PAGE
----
Most agencies—in fact, most companies—rely solely on referrals and word of mouth. Those can be powerful ways to get leads, but they’re slow and arduous, and they can be challenging to control. However, creating awareness yourself works like word of mouth on steroids. To do that, you need two things: channels and activities.
Awareness channels are ways to reach your audience and market. Publishers, associations, strategic partners, or groups that contain members of your audience—these are all awareness channels.
If you already have an audience, list, or fan-base, you could consider your own website and blog as awareness channels, too.
Awareness activities are events or tactics that put your message in front of the awareness channels you’re targeting. Activities can be articles, interviews, keynote presentations, or anything else that gets your message out.
In my last blog, you read how Heather had been leveraging online blogs and publishers to build awareness with content. Each publisher was a channel Heather could use to reach her audience. Each article was an activity that communicated her message to the channel.
You need to do this work, just like Heather did—because making your market aware of you is a vital and necessary step in owning your market. You could be the most talented in the space you serve, but if no one knows that, your talents don’t matter.
Not all awareness is created equal, though. There are likely many awareness channels in your market: blogs, podcasts, webinars, conferences, stages, but some are less effective than others.
For example, an article can get you exposure to hundreds, maybe even thousands, of people from your audience—and you can write it from the comfort of your office.
On the other hand, speaking on stage might only put you in front of dozens or hundreds of people from your audience. Plus, a speech typically requires a lot more preparation, and you need to travel to engage your audience. However, a well-executed talk can usually build much more credibility in a shorter amount of time.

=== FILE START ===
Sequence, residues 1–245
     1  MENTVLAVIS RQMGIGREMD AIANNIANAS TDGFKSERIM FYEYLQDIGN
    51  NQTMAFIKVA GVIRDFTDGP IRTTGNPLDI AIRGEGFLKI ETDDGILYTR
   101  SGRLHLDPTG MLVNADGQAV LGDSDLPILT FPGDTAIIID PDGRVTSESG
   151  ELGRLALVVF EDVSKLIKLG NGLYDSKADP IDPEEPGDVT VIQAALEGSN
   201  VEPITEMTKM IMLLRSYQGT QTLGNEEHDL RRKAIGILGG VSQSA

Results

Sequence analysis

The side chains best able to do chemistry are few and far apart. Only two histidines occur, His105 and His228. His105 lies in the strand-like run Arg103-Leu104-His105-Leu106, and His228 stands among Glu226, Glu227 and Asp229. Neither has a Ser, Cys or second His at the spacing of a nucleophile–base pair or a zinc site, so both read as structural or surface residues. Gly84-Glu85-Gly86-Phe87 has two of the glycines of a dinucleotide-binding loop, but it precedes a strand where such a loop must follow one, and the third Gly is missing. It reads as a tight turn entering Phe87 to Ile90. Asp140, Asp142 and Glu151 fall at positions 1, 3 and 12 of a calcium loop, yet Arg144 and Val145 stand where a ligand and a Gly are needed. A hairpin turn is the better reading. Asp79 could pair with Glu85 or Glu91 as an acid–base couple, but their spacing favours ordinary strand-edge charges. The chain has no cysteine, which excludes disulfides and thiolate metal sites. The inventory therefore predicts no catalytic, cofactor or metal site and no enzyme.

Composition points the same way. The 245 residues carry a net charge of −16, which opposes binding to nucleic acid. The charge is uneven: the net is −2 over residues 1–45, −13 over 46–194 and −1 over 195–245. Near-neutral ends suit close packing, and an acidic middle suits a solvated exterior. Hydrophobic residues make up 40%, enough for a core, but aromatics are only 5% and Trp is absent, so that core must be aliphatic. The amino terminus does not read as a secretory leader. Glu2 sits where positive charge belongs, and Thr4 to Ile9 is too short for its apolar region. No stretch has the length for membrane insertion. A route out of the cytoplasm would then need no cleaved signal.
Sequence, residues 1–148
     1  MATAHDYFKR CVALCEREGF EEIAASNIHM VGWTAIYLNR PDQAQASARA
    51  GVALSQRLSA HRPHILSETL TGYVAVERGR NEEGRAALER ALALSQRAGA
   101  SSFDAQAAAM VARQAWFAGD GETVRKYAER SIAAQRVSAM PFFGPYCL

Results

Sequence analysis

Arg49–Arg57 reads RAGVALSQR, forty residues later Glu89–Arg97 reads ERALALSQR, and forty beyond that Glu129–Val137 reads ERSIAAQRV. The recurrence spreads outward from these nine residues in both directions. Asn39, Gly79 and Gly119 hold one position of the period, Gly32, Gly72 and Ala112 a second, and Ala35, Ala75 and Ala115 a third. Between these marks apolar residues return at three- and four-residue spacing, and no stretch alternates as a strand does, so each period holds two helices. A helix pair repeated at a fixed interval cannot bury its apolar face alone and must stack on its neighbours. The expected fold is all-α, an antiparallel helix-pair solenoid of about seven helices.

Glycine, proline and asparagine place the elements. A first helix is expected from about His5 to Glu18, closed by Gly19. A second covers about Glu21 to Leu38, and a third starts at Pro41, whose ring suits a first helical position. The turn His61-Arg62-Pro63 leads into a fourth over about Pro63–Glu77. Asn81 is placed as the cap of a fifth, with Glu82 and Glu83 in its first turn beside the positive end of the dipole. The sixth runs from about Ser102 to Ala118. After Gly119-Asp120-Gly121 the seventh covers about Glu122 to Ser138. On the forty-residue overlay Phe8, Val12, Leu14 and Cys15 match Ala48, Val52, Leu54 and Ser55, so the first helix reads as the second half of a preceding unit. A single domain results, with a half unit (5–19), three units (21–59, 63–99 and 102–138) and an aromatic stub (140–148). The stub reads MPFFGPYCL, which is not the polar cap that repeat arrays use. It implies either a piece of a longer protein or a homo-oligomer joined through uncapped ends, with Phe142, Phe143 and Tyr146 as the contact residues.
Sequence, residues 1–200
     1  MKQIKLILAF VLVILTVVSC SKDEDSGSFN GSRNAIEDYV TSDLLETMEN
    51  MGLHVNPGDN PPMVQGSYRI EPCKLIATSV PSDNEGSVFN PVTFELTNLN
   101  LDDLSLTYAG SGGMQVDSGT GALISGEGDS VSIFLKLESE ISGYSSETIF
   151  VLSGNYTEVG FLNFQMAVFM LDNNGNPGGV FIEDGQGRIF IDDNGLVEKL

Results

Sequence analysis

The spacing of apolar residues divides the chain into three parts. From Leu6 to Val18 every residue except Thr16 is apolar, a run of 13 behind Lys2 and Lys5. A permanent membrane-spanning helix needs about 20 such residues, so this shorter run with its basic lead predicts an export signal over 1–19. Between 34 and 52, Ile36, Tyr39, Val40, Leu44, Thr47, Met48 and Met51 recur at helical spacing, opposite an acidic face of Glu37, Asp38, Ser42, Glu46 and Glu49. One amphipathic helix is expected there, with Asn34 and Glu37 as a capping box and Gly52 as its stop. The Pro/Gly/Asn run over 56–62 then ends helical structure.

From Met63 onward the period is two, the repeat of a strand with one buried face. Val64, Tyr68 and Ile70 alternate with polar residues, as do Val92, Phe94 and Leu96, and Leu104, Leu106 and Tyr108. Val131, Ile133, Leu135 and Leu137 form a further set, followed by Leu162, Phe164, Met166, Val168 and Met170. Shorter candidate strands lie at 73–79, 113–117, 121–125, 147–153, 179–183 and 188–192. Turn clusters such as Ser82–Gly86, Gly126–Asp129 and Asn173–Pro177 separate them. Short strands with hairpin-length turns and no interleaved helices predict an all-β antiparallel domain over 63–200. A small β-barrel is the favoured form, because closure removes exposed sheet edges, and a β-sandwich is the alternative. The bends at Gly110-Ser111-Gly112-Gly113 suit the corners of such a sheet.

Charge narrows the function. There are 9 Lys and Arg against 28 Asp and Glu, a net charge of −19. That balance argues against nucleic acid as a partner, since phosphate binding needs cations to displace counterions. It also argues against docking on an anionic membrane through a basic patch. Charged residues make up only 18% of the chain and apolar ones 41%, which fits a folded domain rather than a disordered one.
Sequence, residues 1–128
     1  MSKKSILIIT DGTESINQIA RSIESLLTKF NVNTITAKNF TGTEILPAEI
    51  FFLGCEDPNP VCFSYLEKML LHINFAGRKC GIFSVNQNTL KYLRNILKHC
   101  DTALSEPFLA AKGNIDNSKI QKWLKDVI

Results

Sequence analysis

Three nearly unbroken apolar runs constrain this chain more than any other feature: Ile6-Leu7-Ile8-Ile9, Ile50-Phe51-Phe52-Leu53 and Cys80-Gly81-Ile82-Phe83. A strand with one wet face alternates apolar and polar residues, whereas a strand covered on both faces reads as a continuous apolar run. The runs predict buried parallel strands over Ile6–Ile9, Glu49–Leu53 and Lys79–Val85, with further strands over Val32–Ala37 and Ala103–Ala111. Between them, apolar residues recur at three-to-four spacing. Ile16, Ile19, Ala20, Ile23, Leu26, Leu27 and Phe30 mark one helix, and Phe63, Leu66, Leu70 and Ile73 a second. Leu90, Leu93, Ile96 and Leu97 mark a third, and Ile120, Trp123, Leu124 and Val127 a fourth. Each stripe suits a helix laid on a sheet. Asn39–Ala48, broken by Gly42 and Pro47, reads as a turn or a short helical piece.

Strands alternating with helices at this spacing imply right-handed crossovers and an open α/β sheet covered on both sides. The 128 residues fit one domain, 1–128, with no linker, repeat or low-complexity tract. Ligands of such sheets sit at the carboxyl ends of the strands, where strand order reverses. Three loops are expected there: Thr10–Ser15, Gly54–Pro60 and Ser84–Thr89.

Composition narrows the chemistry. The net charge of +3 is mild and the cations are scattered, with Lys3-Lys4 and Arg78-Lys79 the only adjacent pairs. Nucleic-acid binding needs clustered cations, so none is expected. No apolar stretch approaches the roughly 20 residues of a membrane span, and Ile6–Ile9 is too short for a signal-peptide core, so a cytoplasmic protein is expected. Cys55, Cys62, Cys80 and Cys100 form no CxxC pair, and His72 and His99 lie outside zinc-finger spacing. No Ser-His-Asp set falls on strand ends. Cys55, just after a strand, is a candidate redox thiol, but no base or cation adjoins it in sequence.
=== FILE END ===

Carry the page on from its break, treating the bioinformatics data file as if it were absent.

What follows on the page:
Whether that means speaking on stage is more valuable to you than writing an article is a personal choice. There is no “one way” to build your following within your market. Every market will have a different mix of channels and activities available to you, which means you’ll have to evaluate what’s right for you.
How to Create Awareness
Much of building awareness is about leveraging awareness channels—either one you own or a channel that someone else owns.
An “owned” awareness channel is an asset that you have control over where you can build your audience. You’re the one who determines when and how your message appears—with very few obstacles or filters. (Think of your website, your email list, your Facebook group, or your YouTube channel.)
Someone else’s channel, on the other hand, is one you don’t own. Instead of building your audience, you can only use it to leverage an audience that already exists.